SpatialFeatureExperiment: An S4 Class Bringing Geospatial Tools To Spatial Omics***
Author(s): Lambda Moses, Lior Pachter
Affiliation(s): California Institute of Technology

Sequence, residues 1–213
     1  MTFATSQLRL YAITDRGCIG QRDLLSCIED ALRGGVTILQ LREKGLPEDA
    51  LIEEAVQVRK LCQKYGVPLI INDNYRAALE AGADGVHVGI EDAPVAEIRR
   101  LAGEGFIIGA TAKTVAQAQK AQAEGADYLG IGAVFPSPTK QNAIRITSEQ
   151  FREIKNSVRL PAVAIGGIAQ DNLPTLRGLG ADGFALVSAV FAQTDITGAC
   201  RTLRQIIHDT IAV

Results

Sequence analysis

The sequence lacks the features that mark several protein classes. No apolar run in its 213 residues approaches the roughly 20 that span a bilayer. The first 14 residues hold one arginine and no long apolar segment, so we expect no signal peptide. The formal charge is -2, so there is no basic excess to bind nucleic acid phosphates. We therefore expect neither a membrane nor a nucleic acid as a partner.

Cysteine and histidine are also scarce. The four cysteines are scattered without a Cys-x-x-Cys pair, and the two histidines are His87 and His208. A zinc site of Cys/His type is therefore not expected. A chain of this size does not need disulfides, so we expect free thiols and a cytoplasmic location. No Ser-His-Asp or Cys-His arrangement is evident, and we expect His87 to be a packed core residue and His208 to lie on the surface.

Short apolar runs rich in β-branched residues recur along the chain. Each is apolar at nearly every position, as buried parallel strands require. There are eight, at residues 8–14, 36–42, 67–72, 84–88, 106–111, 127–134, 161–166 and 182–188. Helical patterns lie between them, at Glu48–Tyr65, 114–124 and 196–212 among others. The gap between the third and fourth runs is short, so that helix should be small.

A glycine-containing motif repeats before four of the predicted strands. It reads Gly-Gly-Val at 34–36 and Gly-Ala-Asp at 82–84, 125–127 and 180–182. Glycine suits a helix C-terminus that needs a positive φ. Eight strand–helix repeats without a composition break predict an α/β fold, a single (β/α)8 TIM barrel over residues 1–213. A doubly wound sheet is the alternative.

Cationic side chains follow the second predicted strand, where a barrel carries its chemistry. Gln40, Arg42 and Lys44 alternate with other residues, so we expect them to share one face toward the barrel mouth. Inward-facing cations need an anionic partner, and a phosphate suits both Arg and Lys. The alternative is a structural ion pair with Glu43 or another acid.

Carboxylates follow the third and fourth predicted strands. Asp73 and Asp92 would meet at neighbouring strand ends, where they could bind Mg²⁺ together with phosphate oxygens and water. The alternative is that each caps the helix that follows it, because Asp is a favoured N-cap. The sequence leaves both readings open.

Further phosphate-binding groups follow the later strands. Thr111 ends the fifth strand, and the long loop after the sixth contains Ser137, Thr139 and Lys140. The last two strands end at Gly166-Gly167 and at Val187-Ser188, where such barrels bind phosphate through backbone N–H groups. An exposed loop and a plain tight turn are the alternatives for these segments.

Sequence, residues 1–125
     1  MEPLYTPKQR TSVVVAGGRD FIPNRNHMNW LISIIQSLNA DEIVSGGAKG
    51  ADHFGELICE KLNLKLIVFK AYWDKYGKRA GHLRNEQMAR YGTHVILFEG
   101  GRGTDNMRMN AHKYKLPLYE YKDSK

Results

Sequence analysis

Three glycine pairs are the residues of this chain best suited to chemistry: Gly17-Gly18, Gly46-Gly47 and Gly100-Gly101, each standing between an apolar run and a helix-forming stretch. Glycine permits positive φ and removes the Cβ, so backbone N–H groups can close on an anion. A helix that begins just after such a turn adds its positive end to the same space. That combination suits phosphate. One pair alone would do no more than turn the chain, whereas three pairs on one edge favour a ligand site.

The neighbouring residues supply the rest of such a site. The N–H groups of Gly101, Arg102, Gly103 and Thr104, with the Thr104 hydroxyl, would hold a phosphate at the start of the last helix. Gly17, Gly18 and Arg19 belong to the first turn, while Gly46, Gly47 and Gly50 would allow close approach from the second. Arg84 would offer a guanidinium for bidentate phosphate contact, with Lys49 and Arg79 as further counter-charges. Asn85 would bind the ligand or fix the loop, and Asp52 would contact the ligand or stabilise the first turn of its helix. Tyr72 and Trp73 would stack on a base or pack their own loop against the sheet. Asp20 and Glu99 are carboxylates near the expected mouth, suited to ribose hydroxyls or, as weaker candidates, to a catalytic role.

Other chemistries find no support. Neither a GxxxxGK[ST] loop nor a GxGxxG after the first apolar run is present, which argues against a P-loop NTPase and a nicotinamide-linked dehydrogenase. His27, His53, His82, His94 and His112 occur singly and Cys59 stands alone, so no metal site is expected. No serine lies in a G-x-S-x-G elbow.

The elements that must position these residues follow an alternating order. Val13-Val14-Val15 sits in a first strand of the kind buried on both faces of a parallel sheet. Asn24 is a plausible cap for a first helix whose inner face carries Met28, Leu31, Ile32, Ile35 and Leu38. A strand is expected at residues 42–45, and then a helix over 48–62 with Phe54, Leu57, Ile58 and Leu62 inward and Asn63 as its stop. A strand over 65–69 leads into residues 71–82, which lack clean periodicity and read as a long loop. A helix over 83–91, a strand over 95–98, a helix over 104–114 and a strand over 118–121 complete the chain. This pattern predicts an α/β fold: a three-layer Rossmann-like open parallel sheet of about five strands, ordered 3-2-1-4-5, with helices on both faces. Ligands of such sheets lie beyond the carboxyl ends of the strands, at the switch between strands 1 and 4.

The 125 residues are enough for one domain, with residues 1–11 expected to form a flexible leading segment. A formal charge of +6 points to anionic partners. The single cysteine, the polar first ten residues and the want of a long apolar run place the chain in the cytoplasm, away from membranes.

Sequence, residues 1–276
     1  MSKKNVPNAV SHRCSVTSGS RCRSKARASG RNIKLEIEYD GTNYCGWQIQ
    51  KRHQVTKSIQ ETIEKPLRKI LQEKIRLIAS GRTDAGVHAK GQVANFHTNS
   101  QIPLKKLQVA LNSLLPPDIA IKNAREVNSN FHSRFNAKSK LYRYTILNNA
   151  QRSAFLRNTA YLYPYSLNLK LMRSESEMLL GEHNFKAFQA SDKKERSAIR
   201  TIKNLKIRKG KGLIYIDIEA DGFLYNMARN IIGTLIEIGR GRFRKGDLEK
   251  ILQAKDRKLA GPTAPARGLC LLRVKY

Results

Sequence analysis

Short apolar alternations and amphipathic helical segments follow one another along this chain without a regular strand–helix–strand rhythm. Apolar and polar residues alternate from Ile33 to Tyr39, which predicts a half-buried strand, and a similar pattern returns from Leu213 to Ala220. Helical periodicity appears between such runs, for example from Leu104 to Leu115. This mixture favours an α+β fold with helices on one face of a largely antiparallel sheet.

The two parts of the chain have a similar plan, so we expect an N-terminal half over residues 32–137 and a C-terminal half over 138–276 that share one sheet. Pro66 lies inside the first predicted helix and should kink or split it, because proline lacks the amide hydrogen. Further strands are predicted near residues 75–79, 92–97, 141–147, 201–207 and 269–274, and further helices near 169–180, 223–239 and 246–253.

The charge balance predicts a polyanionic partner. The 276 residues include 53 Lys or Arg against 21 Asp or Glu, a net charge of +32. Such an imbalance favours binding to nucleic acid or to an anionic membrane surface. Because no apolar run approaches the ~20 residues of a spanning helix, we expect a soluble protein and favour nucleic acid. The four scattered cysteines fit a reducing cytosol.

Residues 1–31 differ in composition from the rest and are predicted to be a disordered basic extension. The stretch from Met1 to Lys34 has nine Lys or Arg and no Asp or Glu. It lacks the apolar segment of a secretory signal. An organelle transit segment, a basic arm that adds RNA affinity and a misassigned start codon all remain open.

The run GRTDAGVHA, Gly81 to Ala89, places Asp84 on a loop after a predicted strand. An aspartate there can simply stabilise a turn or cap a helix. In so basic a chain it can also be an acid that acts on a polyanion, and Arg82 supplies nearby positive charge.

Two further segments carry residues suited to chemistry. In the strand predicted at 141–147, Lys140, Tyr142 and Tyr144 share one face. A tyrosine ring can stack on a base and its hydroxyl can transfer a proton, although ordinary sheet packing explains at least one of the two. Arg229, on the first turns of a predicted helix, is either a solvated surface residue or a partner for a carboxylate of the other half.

Spatial localization of gene expression and histological images in spatial transcriptomics present many opportunities unavailable to non-spatial single cell RNA-seq (scRNA-seq). Some existing data analysis packages for spatial transcriptomics have been inspired by spatial statistics originally developed for geospatial data, such as Moran's I, Ripley's K, and Gaussian process regression. However, as existing tools generally regard cells or Visium spots as points and non-spatial methods are still widely used, many such opportunities have been missed. Here we present the SpatialFeatureExperiment (SFE) package, which implements an S4 class extending SpatialExperiment (SPE), to better take advantage of such opportunities. SF is a popular and well-established geospatial package that provides an R interface to the standard Simple Features representation of geometries and the GEOS C++ library for geometry operations. SFE brings sf to SPE, representing geometries associated with columns of the gene count matrix such as nuclei and cell segmentation and Visium spot polygons as sf data frames. Annotations such as tissue boundaries and histological regions, and annotated objects not corresponding to the columns such as nuclei segmentation in a Visium dataset, can also be stored in the SFE object as sf data frames. With sf, fast geometry operations can be applied, such as to find the number of nuclei in each Visium spot and which histological region each Visium spot intersects. In addition, spatial neighborhood graphs of cells/spots and of other annotated objects can be stored in the SFE object, to be used with classical geospatial tools, such as spatial dependence analyses with the spdep package and multivariate spatial analyses with the adespatial package. We demonstrate the opportunities presented by geospatial tools in an analysis of a Visium mouse skeletal muscle regeneration dataset using SFE. We performed spatial autocorrelation, hot spot analyses, and geographically weighted principal component analysis (GWPCA) of myofiber and nuclei morphology and identified histological regions based on these analyses. Spatial autocorrelation of canonical scRNA-seq quality control (QC) metrics such as library size and number of genes detected per spot is also examined. In addition, we relate the morphology and number of nuclei and myofibers in each Visium spot to gene expression. We plan to submit the SpatialFeatureExperiment to Bioconductor; the development version can be accessed on GitHub: https://github.com/pachterlab/SpatialFeatureExperiment.
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